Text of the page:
Using innovative strategies, some companies may be erasing employee security training’s reputation for ineffectiveness.
Security training “got a bad rap, because it was so bad,” says Steve Conrad, the founder and managing director of MediaPro, a Bothell, Washington-based security awareness training company with such clients as Microsoft, Yahoo and Adobe.
Old training methods “usually consisted of slide presentations—or their online equivalent—that were super dull and could last an hour or two,” he says. “Employees were expected to sit through this, either at their desks or in a group, and come away with knowledge gained. And that was it. Awareness training was once and done, and it just didn’t work.”
Stu Sjouwerman, founder and CEO of KnowBe4, a security awareness training company founded in 2010 and based in Clearwater, Florida, says “old-school security training” often stems from “classical break-room sessions where employees are kept awake with coffee and doughnuts and exposed to death by PowerPoint.”
Those days are over, according to officials of the two companies.
MediaPro—which was founded in 1992 and has focused on security awareness training programs as a product since 2003—says it’s an e-learning company that bases its training on proven adult learning principles, providing educational content in a way that learners remember.
“This concept extends beyond the training courses themselves,” Conrad says, “to our focus on consistent reinforcement of key learning principles through extracurricular content such as games, videos and posters, as well as phishing simulation exercises.”
Phishing exercises help change behavior
KnowBe4, Sjouwerman says, sends frequent simulated phishing attacks to train employees “to stay on their toes.”
Both companies believe that employees’ most common security mistake is falling for an email phishing scam.
“Bad guys have come up with all sorts of creative ways to convince employees to click on a link or send sensitive information via a spoofed (sender) address,” he says.
Clicking on a link in a suspicious email and opening an infected attachment can be avoided, Sjouwerman says, “by recognizing red flags.” Red flags include receiving an email from a suspicious domain or address you don’t ordinarily communicate with, or one sent at an unusual time such as 3 a.m.
No company is immune to such scams, Conrad says, “but simulated phishing campaigns aimed at an organization’s employees teamed with comprehensive cybersecurity education can go a long way toward changing risky employee behavior.”
Technical safeguards against phishing scams exist, “but no organization should rely on those alone,” he says. “Social engineering—the basis of phishing scams—is such an effective way into the sensitive data of an organization, because it completely bypasses these technical safeguards and goes after what is most companies’ weakest link: the human.”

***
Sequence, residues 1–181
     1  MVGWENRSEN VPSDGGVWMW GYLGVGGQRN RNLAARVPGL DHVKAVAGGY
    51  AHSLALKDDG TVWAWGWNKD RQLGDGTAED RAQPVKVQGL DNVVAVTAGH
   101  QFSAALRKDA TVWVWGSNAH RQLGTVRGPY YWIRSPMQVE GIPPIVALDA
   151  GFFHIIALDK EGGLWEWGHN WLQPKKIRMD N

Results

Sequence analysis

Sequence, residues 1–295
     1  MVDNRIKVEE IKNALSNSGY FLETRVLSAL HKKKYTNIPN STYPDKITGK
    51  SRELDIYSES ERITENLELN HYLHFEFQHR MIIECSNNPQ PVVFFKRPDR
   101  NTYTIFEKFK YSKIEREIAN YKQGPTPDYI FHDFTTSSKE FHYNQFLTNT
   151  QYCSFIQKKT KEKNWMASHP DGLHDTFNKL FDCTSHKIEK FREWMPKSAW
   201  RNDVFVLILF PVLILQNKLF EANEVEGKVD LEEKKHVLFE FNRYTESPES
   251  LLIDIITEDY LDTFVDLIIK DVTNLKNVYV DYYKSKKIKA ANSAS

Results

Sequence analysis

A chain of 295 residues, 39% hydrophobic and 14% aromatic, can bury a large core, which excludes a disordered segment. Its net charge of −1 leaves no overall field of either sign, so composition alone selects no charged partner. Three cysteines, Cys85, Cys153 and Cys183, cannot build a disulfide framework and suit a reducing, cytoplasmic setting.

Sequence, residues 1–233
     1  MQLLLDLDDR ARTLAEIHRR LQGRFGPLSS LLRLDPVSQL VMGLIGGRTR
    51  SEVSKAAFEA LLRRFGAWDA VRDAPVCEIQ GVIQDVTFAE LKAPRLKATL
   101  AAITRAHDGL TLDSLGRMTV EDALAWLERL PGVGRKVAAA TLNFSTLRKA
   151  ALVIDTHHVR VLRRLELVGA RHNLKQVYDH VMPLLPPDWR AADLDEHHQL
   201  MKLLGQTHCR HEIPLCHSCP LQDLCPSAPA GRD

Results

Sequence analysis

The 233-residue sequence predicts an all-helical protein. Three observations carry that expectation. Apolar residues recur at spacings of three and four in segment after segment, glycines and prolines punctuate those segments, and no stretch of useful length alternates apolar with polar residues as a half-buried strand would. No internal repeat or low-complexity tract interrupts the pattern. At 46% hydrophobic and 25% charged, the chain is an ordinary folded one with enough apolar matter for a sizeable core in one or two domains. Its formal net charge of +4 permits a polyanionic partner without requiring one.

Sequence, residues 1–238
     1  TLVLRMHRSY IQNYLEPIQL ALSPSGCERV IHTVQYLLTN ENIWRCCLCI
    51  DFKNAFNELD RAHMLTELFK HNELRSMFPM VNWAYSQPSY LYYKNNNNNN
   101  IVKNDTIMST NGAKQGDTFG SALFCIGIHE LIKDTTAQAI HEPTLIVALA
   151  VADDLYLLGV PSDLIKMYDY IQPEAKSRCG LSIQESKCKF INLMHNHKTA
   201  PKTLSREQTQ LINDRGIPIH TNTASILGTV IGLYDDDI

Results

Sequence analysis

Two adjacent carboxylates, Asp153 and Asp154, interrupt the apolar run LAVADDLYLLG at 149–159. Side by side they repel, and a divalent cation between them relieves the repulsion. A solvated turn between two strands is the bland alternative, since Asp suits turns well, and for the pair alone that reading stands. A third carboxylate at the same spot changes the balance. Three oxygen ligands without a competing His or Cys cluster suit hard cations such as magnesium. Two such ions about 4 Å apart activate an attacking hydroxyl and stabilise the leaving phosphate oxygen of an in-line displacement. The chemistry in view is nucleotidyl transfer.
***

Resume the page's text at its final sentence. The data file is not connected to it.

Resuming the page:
Workers’ weak spot
Why do employees engage in risky behaviors when cybersecurity threats are so abundant?
“It’s likely a combination of being busy and being exposed to so many technological sources of distraction on a daily basis,” Conrad says.
Sjouwerman mentions another reason. “No one ever took the time to enlighten them about the clear and present danger that risky behavior can really cause, especially in an office environment.”
A 2016 study by PhishMe, a Virginia-based phishing threat management company, found that 91 percent of cyber attacks and the resulting data breach begin with a spear phishing email.
Another study done last year by LastPass, a Virginia-based password management service, found that 91 percent of respondents know it’s risky to reuse passwords for multiple online sites, but 61 percent do it anyway. The study also found that the No. 1 reason respondents changed their password was because they forgot it, and only 29 percent changed it for security reasons.
Employees’ risky behaviors have triggered an increasing number of companies to provide better security training.
“I think this is a really exciting time in the market: Huge numbers of companies are committing to doing real education, and we’re seeing exciting innovations in the variety of content that is available,” Conrad says. “I like to think that the age of boring people about security is over, and we’re entering an era where people are going to be motivated and engaged by education around these issues.”
Repetition is key
Employee training, Conrad says, needs to be more frequent than an annual affair.
“Learners need to hear something more than once for it to stick—just ask any ad executive or marketing jingle writer,” he says. “Think about what makes up an advertising campaign: a series of messages that share a single idea or theme, transmitted via different media channels on a regular basis, for an extended period of time—with the singular goal of influencing consumer behavior.
“A great security awareness initiative should look like a great advertising campaign. Repeated, consistent messages delivered throughout the month, quarter or year, whatever cadence is appropriate for a given organization.”